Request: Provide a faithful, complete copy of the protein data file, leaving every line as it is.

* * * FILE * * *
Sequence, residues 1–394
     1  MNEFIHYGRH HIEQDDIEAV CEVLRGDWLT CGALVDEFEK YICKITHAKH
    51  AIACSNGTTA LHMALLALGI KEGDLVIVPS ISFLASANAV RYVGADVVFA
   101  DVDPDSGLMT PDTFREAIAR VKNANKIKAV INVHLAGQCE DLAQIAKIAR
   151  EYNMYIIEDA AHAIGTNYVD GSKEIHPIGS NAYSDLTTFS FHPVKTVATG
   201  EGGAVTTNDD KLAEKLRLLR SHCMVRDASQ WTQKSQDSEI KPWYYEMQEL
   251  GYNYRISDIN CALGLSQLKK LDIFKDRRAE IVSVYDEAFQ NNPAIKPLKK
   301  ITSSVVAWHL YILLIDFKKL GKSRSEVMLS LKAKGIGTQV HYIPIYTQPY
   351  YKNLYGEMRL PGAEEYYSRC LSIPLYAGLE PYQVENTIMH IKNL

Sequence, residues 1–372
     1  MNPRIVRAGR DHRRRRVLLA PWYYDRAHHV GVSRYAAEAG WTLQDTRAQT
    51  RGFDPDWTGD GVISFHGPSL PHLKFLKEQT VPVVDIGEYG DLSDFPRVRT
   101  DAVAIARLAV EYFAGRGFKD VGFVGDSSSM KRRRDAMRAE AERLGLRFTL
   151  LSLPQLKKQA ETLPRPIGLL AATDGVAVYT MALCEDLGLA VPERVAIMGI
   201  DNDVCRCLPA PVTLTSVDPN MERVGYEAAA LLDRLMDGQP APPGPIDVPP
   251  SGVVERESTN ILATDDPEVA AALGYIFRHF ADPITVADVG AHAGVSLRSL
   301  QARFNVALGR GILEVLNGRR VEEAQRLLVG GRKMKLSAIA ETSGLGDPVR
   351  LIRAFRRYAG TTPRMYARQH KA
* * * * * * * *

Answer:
Sequence, residues 1–394
     1  MNEFIHYGRH HIEQDDIEAV CEVLRGDWLT CGALVDEFEK YICKITHAKH
    51  AIACSNGTTA LHMALLALGI KEGDLVIVPS ISFLASANAV RYVGADVVFA
   101  DVDPDSGLMT PDTFREAIAR VKNANKIKAV INVHLAGQCE DLAQIAKIAR
   151  EYNMYIIEDA AHAIGTNYVD GSKEIHPIGS NAYSDLTTFS FHPVKTVATG
   201  EGGAVTTNDD KLAEKLRLLR SHCMVRDASQ WTQKSQDSEI KPWYYEMQEL
   251  GYNYRISDIN CALGLSQLKK LDIFKDRRAE IVSVYDEAFQ NNPAIKPLKK
   301  ITSSVVAWHL YILLIDFKKL GKSRSEVMLS LKAKGIGTQV HYIPIYTQPY
   351  YKNLYGEMRL PGAEEYYSRC LSIPLYAGLE PYQVENTIMH IKNL

Sequence, residues 1–372
     1  MNPRIVRAGR DHRRRRVLLA PWYYDRAHHV GVSRYAAEAG WTLQDTRAQT
    51  RGFDPDWTGD GVISFHGPSL PHLKFLKEQT VPVVDIGEYG DLSDFPRVRT
   101  DAVAIARLAV EYFAGRGFKD VGFVGDSSSM KRRRDAMRAE AERLGLRFTL
   151  LSLPQLKKQA ETLPRPIGLL AATDGVAVYT MALCEDLGLA VPERVAIMGI
   201  DNDVCRCLPA PVTLTSVDPN MERVGYEAAA LLDRLMDGQP APPGPIDVPP
   251  SGVVERESTN ILATDDPEVA AALGYIFRHF ADPITVADVG AHAGVSLRSL
   301  QARFNVALGR GILEVLNGRR VEEAQRLLVG GRKMKLSAIA ETSGLGDPVR
   351  LIRAFRRYAG TTPRMYARQH KA